In Dell Emerging Markets (EMEA) Ltd and another v IB Maroc.com SA  EWHC 2397 (Comm), the High Court granted an anti-suit injunction preventing the defendant from pursuing foreign proceedings against an affiliated company of the first claimant.
The first claimant, Dell UK, entered into an international distribution agreement (“IDA”) with the defendant, IB Maroc. The IDA made reference to affiliates of Dell UK, including the second claimant, Dell Maroc. Dell Maroc was not a party to the IDA and the Contracts (Rights of Third Parties) Act 1999 did not apply. IB Maroc brought a contractual claim against both claimants in the Commercial Court in Casablanca.
Clause 31 of the IDA provided that “any dispute arising out of, or in connection with, the contract should be handled through the English courts”. Clause 27 of the IDA expressly contemplated claims by IB Maroc against an affiliate of Dell UK, requiring that such claims be brought within a one-year limitation period. The question was whether clause 31 extended to claims that IB Maroc wished to bring against affiliate of Dell UK.
The Court held that both Dell UK and Dell Maroc were entitled to an anti-suit injunction. Clause 31, on its true construction, was wide enough to refer to disputes between IB Maroc and an affiliate of Dell UK, so long as the dispute arose out of, or in connection with, the IDA. It would be inequitable or oppressive and vexatious for a party to seek to enforce a contractual claim without respecting the jurisdiction clause within that contract. Further, there were no strong reasons not to grant the injunction.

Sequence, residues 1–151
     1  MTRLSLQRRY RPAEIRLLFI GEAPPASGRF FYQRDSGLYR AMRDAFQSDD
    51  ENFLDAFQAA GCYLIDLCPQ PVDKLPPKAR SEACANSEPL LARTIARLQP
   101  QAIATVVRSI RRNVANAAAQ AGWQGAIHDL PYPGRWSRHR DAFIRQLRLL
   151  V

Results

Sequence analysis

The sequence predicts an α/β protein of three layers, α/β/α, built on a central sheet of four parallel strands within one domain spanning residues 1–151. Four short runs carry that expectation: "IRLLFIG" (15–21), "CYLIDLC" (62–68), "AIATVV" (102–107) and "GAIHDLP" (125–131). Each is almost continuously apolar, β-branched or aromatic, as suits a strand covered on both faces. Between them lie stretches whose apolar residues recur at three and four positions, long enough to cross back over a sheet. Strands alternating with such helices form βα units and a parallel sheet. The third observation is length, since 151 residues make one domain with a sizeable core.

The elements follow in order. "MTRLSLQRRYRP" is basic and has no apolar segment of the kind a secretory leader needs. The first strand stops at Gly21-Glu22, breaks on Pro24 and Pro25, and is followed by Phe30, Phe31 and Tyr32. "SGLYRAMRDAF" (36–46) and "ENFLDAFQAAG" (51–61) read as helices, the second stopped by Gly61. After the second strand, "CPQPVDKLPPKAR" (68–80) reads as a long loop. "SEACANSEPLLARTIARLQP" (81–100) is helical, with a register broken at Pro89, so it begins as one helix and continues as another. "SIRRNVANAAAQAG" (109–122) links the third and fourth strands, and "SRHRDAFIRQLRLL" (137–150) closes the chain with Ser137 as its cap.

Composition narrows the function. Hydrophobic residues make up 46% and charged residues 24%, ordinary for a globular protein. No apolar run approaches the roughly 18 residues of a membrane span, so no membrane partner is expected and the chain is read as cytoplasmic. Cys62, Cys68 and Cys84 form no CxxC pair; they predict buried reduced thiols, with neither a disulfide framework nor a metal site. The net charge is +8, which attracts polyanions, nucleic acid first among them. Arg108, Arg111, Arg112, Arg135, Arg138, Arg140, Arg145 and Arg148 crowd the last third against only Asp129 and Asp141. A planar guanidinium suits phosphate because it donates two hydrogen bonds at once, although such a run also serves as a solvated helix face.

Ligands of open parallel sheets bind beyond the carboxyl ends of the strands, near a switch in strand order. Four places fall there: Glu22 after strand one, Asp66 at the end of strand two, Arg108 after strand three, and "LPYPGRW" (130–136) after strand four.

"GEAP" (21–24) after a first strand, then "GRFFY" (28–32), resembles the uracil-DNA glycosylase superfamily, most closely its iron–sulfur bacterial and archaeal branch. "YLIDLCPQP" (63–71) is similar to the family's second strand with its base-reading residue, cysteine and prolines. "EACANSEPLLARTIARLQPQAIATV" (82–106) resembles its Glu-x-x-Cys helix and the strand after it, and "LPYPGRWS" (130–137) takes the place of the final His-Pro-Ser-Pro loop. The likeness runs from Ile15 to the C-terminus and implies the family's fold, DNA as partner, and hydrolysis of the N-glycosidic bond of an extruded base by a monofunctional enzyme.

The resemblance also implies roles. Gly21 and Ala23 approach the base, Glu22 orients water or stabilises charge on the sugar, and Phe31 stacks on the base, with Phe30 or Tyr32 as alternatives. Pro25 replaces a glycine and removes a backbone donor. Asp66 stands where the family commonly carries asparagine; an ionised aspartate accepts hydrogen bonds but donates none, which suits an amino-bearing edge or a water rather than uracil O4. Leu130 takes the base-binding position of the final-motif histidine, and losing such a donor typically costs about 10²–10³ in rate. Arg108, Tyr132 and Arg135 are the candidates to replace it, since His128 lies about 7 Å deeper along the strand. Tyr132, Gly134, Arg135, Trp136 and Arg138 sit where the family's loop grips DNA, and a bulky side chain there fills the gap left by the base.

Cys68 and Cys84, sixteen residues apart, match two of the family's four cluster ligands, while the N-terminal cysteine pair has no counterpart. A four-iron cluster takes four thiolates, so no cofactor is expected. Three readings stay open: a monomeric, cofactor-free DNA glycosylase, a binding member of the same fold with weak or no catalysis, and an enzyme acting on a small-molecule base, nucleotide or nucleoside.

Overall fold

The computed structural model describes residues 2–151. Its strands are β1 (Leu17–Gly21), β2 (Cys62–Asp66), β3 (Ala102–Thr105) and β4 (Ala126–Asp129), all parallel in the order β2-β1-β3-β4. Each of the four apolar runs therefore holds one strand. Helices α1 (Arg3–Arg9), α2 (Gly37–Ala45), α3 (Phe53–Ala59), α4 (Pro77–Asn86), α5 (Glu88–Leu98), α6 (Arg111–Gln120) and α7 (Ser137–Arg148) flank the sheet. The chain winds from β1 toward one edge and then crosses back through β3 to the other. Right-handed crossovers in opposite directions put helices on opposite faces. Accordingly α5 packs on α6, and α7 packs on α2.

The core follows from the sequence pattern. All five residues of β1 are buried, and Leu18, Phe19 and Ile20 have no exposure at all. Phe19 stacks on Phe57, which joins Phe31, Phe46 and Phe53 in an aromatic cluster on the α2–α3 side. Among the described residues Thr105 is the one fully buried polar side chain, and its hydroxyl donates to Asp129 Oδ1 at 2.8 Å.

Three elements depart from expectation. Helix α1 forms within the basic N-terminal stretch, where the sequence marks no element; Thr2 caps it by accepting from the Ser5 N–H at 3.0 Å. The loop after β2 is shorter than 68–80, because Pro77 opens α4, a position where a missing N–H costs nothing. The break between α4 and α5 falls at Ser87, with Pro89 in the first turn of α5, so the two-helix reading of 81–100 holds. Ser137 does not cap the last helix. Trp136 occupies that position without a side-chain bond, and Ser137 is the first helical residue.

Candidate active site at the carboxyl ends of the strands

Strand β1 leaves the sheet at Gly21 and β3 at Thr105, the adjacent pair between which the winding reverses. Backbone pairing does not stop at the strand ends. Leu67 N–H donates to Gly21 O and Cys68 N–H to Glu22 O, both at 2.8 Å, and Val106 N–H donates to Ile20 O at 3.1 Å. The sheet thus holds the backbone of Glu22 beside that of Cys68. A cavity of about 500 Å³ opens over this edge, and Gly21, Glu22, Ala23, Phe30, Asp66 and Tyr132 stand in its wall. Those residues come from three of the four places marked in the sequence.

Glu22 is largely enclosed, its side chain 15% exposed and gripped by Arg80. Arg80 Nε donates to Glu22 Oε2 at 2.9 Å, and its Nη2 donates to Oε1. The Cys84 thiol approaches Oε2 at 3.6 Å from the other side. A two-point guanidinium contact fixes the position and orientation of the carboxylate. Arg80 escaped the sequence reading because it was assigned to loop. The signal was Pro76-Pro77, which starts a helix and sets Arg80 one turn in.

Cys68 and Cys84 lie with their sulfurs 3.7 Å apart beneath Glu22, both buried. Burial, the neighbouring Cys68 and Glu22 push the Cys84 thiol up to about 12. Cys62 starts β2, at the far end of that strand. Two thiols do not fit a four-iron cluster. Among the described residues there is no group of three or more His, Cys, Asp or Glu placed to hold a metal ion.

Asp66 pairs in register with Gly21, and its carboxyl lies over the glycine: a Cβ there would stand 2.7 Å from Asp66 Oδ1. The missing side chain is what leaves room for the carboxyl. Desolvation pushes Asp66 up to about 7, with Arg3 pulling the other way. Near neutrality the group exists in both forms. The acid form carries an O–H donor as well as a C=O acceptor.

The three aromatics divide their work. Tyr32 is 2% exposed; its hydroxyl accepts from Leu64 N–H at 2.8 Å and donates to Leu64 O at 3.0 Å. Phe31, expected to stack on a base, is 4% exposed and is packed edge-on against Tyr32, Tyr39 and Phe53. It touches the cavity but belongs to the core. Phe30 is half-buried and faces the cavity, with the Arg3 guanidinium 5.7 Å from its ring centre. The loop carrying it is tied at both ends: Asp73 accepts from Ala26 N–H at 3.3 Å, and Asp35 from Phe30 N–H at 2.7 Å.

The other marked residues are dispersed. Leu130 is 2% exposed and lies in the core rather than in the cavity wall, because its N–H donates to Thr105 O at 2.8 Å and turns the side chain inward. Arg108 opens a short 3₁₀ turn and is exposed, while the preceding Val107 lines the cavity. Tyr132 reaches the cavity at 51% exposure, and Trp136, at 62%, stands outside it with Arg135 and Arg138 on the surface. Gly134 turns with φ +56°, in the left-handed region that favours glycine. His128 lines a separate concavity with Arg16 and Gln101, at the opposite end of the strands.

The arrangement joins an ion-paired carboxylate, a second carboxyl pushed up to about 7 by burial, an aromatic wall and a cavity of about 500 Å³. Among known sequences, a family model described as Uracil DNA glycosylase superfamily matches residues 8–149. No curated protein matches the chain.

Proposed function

This case confirms the broad availability of the use of the English anti-suit injunction which, in some cases, will be capable of extending to restrain foreign proceedings against affiliated companies – even where they are not a party to a contract. Although a discretionary remedy, anti-suit injunctions based upon an exclusive jurisdiction clause, can be a powerful weapon.